I hope this has been helpful!


Hi Rene and staff,
since my last post i do create many personal labs with gns3 to test as many things as i can for ipv6 ND. I notice that “autoconfig default” dont work as i expected: it seems to give the same result as just “autoconfig”. I wonder why ?
This is the basic lab
R4 has a slot NM-16ESW to act like a SW
Only R1 and R2 are needed to ask my question (R1 acts as the client, R2 will act as the router)

First i configure R2

Second i configure R1 e0/0 (no default added)

And here are output of the show commands

A default route has been inserted in R1’s RIB pointing to R2
Since R2 is a router (unicast-routing), it sends RA, so by default, it has to appear in R1’s list of routers (?), and act like a possible default route (?), and this is the case in this topology
But what if you dont want R1 to have a default route via its interface e0/0 (for some reasons)
So, what “default” is used for ?
Does it take meaning in other topologies ?


Hello Dominique

I also labbed this up using VIRL, and I found that if I don’t use the default keyword, a default route will not appear in the routing table. When using the default keyword, it does indeed appear.

It may be that your platform puts in the default route in the routing table by default. Even so, the default keyword does still have meaning. When autoconfig is configured on your router, one of the things that this procedure provides for the router as you know very well, is a default router, via the RA on the local network segment. So, the router, as a good and obedient “host”, seems to place that default router into the routing table as the default route of the router.

But the default keyword is essentially useful if you have multiple IPv6 enabled interfaces using autoconfig.

In this case, only one IPv6 interface can have the default keyword enabled, because only one interface can be a default route for the router. So even if the default route is installed without the keyword, keep in mind that this keyword becomes more important when there are multiple IPv6 interfaces using autoconfig.

I suggest you try to enable multiple IPv6 interfaces on a router, configure them with autoconfig (without the default keyword), have routers exist on the other ends of those links, and see if a default route (and which one) is installed in the routing table.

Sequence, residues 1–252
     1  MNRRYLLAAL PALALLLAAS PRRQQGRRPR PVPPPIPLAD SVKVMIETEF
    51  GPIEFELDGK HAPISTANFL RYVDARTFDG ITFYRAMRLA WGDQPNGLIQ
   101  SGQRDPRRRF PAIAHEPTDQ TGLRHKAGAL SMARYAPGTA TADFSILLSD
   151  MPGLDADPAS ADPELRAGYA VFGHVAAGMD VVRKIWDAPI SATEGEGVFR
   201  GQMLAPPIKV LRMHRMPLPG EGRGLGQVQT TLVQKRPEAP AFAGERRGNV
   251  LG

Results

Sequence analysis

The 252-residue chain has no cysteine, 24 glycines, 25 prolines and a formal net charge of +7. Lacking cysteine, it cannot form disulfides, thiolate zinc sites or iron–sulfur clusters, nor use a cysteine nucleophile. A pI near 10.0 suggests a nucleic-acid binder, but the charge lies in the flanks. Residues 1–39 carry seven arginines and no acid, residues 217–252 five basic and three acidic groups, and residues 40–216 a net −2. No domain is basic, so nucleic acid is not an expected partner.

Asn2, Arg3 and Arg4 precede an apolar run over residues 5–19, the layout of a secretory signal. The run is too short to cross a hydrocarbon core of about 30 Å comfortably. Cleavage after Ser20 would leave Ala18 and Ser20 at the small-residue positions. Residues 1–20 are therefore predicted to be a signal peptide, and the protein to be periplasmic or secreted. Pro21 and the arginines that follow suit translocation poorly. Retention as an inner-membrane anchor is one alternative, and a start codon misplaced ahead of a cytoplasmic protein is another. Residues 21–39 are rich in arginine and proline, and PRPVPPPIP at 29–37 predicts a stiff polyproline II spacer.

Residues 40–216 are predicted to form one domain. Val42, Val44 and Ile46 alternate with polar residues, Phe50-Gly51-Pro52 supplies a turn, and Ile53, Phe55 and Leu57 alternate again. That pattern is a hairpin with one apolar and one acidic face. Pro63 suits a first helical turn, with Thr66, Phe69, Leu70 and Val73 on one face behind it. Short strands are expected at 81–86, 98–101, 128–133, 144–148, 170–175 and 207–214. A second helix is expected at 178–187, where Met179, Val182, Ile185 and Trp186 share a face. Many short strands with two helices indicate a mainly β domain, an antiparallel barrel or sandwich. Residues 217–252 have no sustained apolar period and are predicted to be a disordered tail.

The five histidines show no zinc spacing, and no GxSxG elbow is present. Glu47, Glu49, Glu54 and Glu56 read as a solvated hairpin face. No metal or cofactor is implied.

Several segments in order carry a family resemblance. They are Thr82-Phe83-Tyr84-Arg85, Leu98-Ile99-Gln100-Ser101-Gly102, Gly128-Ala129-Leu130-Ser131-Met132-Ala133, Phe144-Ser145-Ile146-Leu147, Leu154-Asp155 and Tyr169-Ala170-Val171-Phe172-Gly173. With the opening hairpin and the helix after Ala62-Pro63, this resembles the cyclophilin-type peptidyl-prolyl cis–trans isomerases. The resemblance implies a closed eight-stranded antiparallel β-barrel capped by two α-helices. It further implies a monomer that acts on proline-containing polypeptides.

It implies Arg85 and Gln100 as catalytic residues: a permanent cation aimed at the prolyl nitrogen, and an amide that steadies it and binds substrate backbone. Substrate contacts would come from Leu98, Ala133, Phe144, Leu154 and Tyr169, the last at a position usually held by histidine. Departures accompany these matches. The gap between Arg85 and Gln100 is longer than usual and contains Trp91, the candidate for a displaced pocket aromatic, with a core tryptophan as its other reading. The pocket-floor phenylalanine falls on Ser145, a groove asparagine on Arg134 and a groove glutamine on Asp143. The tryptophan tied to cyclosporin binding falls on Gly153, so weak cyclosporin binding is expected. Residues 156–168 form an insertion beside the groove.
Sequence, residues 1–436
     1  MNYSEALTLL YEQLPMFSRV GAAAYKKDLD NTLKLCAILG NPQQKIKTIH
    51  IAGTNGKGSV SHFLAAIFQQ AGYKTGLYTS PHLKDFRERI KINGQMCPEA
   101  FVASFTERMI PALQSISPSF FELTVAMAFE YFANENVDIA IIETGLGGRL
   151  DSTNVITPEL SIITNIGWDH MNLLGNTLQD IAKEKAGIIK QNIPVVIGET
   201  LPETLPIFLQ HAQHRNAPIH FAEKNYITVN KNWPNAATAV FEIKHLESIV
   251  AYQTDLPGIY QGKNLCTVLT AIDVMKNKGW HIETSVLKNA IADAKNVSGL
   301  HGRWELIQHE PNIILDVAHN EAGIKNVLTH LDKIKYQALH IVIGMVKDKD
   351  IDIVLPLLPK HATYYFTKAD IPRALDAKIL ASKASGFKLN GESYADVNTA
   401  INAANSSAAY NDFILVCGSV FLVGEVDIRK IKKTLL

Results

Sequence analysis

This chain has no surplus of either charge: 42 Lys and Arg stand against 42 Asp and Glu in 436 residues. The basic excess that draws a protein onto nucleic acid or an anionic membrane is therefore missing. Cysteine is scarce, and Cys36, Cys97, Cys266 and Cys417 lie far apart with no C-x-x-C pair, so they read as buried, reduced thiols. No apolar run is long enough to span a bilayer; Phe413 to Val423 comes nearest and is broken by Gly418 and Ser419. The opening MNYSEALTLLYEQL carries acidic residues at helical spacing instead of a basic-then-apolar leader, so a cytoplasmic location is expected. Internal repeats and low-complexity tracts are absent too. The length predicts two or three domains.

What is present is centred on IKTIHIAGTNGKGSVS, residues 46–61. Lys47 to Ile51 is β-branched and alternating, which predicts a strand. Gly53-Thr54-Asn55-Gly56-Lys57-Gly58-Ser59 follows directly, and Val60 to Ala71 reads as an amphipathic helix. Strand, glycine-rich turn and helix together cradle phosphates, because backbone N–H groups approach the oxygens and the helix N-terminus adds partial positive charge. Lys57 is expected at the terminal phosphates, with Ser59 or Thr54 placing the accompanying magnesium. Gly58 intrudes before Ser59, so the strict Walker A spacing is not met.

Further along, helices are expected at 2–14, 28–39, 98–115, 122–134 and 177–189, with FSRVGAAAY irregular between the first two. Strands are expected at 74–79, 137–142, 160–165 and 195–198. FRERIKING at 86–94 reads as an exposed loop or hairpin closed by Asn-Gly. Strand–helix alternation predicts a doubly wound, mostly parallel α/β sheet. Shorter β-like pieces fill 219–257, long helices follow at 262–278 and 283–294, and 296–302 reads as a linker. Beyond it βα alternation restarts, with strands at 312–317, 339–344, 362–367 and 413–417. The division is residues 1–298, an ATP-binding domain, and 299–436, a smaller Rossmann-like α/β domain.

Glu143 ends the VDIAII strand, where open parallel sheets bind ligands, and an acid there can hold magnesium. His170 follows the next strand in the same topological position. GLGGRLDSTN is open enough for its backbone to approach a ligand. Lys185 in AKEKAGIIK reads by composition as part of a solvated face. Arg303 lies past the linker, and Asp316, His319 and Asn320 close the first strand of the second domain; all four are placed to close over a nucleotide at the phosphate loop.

I hope this has been helpful!


Good day.

I don’t understand what the real difference is between ARP and Neighbor Discovery Protocol, I understand that they are both different protocols and work differently, but why is Neighbor Discovery Protocol better than ARP?

Both flood their local segment with messages and all receive them and to whom they are destined to reply.

Hello Armando

One of the fundamental differences between the ND protocol and ARP is that a Neighbor Solicitation (NS) message (IPv6’s counterpart to an ARP request) is not broadcast to the whole network segment, while an ARP request is.

ND takes advantage of multicast as opposed to broadcast. Now this may sound like it’s quite similar to ARP, but it is not. NS’es are sent to the Solicited Node Multicast address of the remote host. Even though this is multicast, the NS is sent to only a single device, the device for which an IPv6 address is being requested. You see, this multicast address has only a single member: the remote host in question, so the request goes only to that remote host.

This is more thoroughly described in the IPv6 Neighbor Discovery Protocol

Now beyond ARP, the ND protocol has other responsibilities including, as described in RFC4861:

IPv6 nodes on the same link use Neighbor Discovery to
discover each other’s presence, to determine each other’s link-layer
addresses, to find routers, and to maintain reachability information
about the paths to active neighbors.

Additional functions including router, prefix, and parameter discovery, address autoconfiguration and resolution, next-hop determination, neighbor unreachability detection, duplicate address detection, and redirect.

I hope this has been helpful!


Hi Guys - any ideas why ICMPv6 was chosen for Neighbor Discovery? Could this function not have been designed using the IPv6 header and/or Extension Headers? Thanks - Gareth.

Hello Gareth

Such a question is not easy to answer, because there are a lot of factors involved in why engineers decided to use one particular architecture over another. Could it have been employed using IPv6 headers? Probably. Although I can’t definitively answer why they chose this implementation, I can offer some thoughts on why I believe this architecture was chosen over others, but this is just my own opinion…

To understand the various components of IPv6 it’s often useful to take a look at the IPv4 counterparts that were replaced or improved upon. For the NDP, the corresponding features in IPv4 include ARP, ICMP Router Discovery, and ICMP Router redirect. These were separate operations for IPv4, taken care of by distinct protocols from IPv4. Carrying on in the same way for IPv6, a separate protocol from IPv6, ICMPv6 was chosen to take care of these.

Now one can say that IPSec for example, was incorporated into the header(s) of IPv6, why not NDP? Well, NDP includes enough mechanisms and operations to be defined as a self-contained set of features. There are many extensions and other features including Secure Neighbor Discovery (SEND), Multicast Listener Discovery (MLD) which both leverage ICMPv6, giving more credence to the use of ICMPv6 separately rather than as an inherent part of IPv6.

A more in-depth explanation of how NDP compares with IPv4 can be found in the “Comparison with IPv4” section of RFC4861, which also gives insight into why it was designed this way:

I hope this has been helpful!


PS, Gareth, your questions are interesting and inquisitive, and it is a pleasure to answer them! It shows that you are deeply interested in the subject, and that’s great to experience. I always look forward to your questions! :sunglasses: